Apple is close to signing a deal to distribute iPhones through China Mobile, a deal that would give the company access to as many as 700 million potential new customers in the world’s most populous country.
The Wall Street Journal reported Wednesday night that the deal was done, but Reuters on Thursday morning reported that China Mobile officials said negotiations were still ongoing.
“We are still negotiating with Apple, but for now we have nothing new to announce,” China Mobile spokeswoman Rainie Lei said, according to Reuters. Apple also declined comment.
For Apple, the deal would provide a dramatic inroad into a market in which it has had trouble establishing a foothold. The company began selling iPhones through China Unicom—the country’s second-largest carrier—only in 2009, and sales were initially slow: Just 100,000 units in the first month, compared to millions in other markets where the phone launched.
Still, as we reported last month, China grew from 2 percent of Apple’s total earnings to 12 percent, although that growth has slowed a bit in 2013. Observers had expected Apple’s most recent generation of iPhones to include a “cheap” iPhone aimed at growing the Chinese market more dramatically. The iPhone 5c, while less expensive than the top-of-the-line 5s, didn’t really fill that bill.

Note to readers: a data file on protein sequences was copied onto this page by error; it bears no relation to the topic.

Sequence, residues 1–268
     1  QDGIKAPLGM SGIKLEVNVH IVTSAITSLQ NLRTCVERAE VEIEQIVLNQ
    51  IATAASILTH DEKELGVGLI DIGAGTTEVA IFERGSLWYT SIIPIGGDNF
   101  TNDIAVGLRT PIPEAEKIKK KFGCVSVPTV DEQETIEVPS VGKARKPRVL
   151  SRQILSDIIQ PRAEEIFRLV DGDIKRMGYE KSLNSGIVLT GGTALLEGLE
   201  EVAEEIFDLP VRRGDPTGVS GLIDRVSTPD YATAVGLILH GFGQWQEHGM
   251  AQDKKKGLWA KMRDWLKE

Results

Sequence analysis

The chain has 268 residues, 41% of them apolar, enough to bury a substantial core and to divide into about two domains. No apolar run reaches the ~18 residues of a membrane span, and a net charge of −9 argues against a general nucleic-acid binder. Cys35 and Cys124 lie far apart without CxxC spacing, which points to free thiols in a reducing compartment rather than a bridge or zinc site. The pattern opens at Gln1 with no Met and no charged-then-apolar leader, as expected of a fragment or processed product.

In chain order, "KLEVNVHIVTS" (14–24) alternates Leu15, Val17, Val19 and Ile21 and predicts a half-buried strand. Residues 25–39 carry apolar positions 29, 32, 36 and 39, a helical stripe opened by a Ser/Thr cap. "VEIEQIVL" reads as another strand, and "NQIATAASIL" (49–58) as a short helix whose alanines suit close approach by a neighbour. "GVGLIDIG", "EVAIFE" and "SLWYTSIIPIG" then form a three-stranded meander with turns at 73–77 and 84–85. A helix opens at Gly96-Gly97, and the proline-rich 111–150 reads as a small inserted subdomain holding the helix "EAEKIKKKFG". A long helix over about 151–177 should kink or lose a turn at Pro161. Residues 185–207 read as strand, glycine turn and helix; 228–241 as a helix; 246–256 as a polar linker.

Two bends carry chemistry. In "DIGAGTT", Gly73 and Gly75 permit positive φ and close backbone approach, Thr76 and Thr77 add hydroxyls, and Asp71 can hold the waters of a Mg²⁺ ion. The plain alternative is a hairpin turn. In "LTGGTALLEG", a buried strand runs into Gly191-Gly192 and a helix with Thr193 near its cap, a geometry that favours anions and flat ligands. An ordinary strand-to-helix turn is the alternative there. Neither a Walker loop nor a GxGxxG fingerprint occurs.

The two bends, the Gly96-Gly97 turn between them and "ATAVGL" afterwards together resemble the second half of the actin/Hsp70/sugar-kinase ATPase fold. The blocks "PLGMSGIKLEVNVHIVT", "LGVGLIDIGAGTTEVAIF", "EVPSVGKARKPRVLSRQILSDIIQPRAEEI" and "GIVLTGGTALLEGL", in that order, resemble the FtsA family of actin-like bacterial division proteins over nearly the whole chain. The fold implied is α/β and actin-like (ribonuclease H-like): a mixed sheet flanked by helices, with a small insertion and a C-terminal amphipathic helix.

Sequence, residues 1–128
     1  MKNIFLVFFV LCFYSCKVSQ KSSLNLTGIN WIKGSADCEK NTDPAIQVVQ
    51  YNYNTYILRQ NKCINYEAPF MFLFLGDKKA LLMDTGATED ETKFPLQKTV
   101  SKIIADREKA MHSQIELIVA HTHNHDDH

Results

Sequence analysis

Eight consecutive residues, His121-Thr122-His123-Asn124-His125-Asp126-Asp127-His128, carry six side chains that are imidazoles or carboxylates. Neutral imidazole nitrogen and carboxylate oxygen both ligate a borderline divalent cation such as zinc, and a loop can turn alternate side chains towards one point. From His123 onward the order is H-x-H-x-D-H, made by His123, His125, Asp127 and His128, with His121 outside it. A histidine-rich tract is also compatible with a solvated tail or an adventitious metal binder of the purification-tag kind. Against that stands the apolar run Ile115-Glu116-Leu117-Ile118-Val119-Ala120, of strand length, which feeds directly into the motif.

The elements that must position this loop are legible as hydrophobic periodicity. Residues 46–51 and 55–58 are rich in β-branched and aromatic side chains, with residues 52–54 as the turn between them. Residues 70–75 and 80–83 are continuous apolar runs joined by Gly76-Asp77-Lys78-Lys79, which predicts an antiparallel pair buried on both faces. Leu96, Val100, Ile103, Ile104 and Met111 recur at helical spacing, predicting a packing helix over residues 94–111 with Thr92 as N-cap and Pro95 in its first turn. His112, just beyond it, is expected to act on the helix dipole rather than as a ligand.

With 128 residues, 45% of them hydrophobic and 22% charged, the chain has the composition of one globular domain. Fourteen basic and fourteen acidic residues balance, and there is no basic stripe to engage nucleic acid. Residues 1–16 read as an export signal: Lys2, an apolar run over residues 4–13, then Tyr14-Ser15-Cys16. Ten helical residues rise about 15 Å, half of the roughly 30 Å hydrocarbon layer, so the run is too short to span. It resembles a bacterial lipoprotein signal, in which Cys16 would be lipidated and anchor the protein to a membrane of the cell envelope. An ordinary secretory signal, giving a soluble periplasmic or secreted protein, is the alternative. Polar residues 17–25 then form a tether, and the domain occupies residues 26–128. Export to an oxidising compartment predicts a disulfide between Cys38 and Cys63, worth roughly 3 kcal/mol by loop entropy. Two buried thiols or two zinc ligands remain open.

Apple and China Mobile have negotiated for years, but final completion of a deal would be a boon to the Cupertino company. “That single-handedly, we estimate, would drive 20 percent higher iPhone sales next year,” Brian Marshall, an analyst with ISI told Macworld.
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